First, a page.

Landscapes Events Reproducted

Seripop (Chloe Lum & Yannick Desranleau)


In Collaboration with the Blackwood Gallery

Curated by Christof Migone

January 18 – March 4, 2012

Yannick Desranleau and Chloe Lum have worked together since 2000 and started the Seripop project in 2002. They have exhibited and given talks in Canada and abroad, notably at BALTIC Centre for Contemporary Art in Gateshead, England, Peacock Visual Arts in Aberdeen, Scotland, Kunsthalle Wien in Vienna, Austria and University of North Texas in Denton. They were recently part of the Quebec Triennial 2011 at Musée d’Art Contemporain de Montréal. Their work is represented in the collection of the Victoria and Albert Museum in London. Lum and Desranleau also belong to Avant-Rock trio AIDS Wolf. More info on their site:

Speech is an edifice built out of blocks of space. Words do not exist;
there are only movements in space and their parts—points and areas.

– Velimir Khlebnikov (1)

The power of time is always accompanied by the event which destroys it.
– Georges Didi-Huberman (2)

Photos from the Exhibition

In Seripop’s first major solo exhibition the duo of Yannick Desranleau and Chloe Lum shape posters into immersive ephemeral spaces; transform the galleries into ur-urban landscapes—Kurt Schwitters’ Ursonate rendered into form, nod also to his Merzbau; layer proto-messages of agrammatical gibberish—the word reproducted doesn’t exist, but is close enough to recognizable to cause confusion, this opens the door to the other instances of written glossolalia throughout the work; manifest a distaste for Le Corbusier’s sterile modernism—Le Corbusier is both the villain and the reference; play with possibilities until monomania sets in—once the idea has been tested and tweaked, stick the repro machine on repeat and see what the abundance produces; cover the white cube and the black box with repetitive patterns of noise print—minimalism in the shape of maximalism; trace the viewers’ erosive steps—put art on the floor and force the viewer to trample the commodity and thereby ruin it; sculpt with soft materials—the fragility of paper suggests a playful craft-based skill rather than one predicated on a mastery indexed by perennial Classicism; ink flows and fluxes—committing ink to paper is not as stable as the Law would profess, Seripop refuses to sign; structure an erratic conversation—dialogue, yes; conclusion, no; reconstruct constructivism with a punk ethos; reference the streets of a dystopian Montreal—post-Drapeau, post-Expo ’67, post-Referenda, post-post; devise DIY architecture as a place where the local is everywhere—be simultaneously specific and general; compose palimpsestic texts to read time into space; poster in three dimensions; map askew—a cartographer’s nightmare; savor pleonastic tendencies—verbose run rampant; mine the sinuous—ouroboros curves; pupullate forms; screen the cinematic into stilled installations; occupy every inch of space like space gluttons; concrete amorphous abstraction; relish in operose excess; whelm over and over—overoverwhelm; differentiate between background and foreground no longer—flat depth; fester the synaptic firings until they splatter the walls floors and ceilings—out of brain storm; disturb and derange 2d into 3d; synchronize symmetries while causing head tilts—using visual dissonance in order to break expectations; and inject structure with improvisatory tears and rips—plan to unplan. In short, the Blackwood Gallery is proud to present Landscapes events reproducted.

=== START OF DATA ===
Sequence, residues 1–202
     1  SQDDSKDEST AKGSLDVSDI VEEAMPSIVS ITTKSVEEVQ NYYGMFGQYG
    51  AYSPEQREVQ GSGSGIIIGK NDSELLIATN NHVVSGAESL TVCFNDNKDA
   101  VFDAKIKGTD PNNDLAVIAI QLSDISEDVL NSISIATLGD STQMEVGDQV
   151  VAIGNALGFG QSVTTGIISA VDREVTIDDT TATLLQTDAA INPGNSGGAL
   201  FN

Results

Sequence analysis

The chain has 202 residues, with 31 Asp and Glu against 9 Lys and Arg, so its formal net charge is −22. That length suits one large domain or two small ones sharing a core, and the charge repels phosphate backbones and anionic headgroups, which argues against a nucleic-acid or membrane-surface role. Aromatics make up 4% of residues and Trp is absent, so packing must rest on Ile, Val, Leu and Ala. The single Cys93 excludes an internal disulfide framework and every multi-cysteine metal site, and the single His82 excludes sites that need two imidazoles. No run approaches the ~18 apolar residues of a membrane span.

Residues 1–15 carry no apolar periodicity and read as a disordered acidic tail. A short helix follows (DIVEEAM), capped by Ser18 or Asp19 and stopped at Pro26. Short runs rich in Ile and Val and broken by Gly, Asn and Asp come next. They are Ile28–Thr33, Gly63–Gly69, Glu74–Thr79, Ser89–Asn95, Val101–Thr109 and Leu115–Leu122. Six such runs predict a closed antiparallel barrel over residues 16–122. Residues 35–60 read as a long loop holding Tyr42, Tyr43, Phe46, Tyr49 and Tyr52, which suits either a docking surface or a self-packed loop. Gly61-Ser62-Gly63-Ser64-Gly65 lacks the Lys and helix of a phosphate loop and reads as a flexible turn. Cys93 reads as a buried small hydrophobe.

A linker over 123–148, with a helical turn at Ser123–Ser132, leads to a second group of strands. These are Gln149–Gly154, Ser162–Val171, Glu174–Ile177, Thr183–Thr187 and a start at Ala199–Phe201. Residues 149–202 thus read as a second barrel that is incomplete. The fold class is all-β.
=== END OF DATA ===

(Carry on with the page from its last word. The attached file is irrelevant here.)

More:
From the Artists